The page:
The Global Gender Gap Index was first introduced by the World Economic Forum in 2006 as a framework for capturing the magnitude of gender-based disparities and tracking their progress over time. The Report benchmarks 144 countries on their progress towards gender parity on a scale from 0 (imparity) to 1 (parity) across four thematic dimensions: Economic Participation and Opportunity, Educational Attainment, Health and Survival, and Political Empowerment. In many countries, there are positive trends in this area, however, in a number of regions of the world, negative practices continue to be used and even expand with a view of broadening gender gaps.
Among the key findings of the report is that in 2017, the average progress on closing the global gender gap stands at 68.0% meaning an average gap of 32.0% remains to be closed worldwide across the four Index dimensions in order to achieve universal gender parity, compared to an average gap of 31.7% last year.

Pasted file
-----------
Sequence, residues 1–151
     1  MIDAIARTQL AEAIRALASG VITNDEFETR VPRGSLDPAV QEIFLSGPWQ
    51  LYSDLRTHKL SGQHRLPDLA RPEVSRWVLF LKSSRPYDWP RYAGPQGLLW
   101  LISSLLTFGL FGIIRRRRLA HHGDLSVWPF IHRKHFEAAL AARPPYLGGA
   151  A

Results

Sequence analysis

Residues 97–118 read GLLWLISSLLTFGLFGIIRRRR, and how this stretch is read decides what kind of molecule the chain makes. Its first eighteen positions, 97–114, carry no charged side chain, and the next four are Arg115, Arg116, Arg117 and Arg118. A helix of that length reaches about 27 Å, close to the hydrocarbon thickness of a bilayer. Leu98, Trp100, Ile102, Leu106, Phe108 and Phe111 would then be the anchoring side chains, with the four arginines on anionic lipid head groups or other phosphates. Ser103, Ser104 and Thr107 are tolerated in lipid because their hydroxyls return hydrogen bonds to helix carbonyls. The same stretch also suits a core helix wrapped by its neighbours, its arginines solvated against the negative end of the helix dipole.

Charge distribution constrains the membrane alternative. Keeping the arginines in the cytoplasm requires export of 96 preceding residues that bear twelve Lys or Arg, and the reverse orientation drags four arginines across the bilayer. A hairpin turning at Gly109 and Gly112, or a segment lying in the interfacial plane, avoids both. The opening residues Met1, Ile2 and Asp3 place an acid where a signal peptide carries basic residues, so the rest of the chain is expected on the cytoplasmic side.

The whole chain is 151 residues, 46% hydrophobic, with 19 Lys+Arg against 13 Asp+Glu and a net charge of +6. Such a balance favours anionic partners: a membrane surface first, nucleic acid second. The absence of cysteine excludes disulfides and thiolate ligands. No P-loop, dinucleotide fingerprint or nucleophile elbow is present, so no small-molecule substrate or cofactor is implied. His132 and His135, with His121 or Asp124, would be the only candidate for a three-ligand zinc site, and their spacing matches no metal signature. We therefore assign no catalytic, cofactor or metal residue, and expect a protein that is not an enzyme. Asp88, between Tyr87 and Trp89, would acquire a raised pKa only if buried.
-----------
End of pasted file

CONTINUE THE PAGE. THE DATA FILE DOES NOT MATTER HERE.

On average, the 144 countries covered in the Report have closed 96% of the gap in health outcomes between women and men, unchanged since last year, and more than 95% of the gap in educational attainment, a slight decrease compared to last year. However, the gaps between women and men on economic participation and political empowerment remain wide: only 58% of the economic participation gap has been closed and about 23% of the political gap, unchanged since last year against a long-term trend of slow but steady improvement.
Despite this overall mixed picture and continued stalling of progress at the global level, the situation is more nuanced at the regional and country level. Out of the 142 countries covered by the Index both this year and last year, 82 countries have increased their overall gender gap score compared to the last year, while 60 have seen it decrease.
By contrast, last years Report found negative outcomes in more than half of countries
surveyed. Moreover, as detailed in the Report, a number of countries and regions have crossed symbolic milestones on the path to gender parity for the first time this year.